Virgin Mobile Free Free after 12 months, or £15.32 Call 0345 6000 789 from any phone, or 789 from a Virgin Media handset Up to 30 calendar days

**Vodafone handsets bought through a third party retailer (eg Carphone Warehouse) will need to use a PAYG SIM received directly from Vodafone for 30 days before they can request an unlock code.

All phones sold by Three since the start of 2014 should be unlocked; anyone who has a phone from them predating this will need to fill in their online form to get it unlocked.

The process: When we've decided to go ahead with getting our phone unlocked, the process works like this.

The network will ask for the handset IMEI number, which can be found by typing *#06# into the keypad in the phone app. It can also be found in the following locations:

Depending on the make and model of the handset, the network will confirm that they're processing our request to unlock it.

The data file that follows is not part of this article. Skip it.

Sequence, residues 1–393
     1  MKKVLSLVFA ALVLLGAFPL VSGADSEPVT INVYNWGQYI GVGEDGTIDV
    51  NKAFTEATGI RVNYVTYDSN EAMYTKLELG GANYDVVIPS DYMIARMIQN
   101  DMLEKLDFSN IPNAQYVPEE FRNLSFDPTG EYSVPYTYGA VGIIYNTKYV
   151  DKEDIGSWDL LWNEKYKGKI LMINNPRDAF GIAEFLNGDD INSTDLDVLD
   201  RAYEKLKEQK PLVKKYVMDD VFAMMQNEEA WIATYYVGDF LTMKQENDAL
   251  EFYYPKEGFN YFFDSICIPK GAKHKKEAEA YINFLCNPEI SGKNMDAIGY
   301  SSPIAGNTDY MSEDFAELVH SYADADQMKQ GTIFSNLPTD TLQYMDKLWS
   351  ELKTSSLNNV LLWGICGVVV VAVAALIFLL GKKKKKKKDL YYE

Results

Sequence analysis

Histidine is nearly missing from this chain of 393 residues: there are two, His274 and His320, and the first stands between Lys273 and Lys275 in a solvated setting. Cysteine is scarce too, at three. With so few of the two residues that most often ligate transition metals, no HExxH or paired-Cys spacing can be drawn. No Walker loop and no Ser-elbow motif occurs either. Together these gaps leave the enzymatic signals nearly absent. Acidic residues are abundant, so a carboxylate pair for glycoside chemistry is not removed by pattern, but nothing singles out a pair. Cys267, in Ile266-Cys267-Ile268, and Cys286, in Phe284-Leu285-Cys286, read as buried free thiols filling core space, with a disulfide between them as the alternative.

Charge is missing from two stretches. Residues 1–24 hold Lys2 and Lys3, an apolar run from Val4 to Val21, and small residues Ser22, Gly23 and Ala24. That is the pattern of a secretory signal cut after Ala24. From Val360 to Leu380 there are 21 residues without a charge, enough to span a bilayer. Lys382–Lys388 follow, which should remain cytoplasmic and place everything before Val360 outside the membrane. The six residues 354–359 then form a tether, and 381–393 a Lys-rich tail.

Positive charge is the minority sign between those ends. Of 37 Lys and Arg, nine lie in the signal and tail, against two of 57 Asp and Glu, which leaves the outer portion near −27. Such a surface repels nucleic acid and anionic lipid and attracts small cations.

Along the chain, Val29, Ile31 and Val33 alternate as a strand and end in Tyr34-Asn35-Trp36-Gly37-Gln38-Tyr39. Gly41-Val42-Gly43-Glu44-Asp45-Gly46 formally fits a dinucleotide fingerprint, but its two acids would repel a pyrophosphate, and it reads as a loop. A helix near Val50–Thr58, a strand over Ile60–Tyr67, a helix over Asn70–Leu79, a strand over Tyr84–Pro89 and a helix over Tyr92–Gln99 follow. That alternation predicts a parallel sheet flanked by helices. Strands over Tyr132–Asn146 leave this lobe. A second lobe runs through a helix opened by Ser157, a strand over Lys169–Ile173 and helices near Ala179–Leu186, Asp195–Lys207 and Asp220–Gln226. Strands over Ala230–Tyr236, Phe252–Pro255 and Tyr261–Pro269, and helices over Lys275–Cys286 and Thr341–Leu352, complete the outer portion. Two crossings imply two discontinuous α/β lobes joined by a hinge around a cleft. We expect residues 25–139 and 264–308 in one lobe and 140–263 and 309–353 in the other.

In some cases - with most iPhones, for example - the handset can be unlocked remotely. In others the network may need to contact the manufacturer to get the unlocking code themselves, most often if the handset is an older model.

They will then send out the unlocking code, also known as a DCK, Network Subsidy Code, or Network Unlocking Code, which needs to be entered into the phone.

Those with a locked iPhone can expect their handset to be unlocked fairly quickly, usually within three days of the request being made. They'll receive a message confirming it's been done; they'll then need to insert a SIM from another network and connect it to iTunes to complete the procedure.

In the case of some devices - particularly with older phones - the network will need to take the phone and may even replace it.

Unlocking options: DIY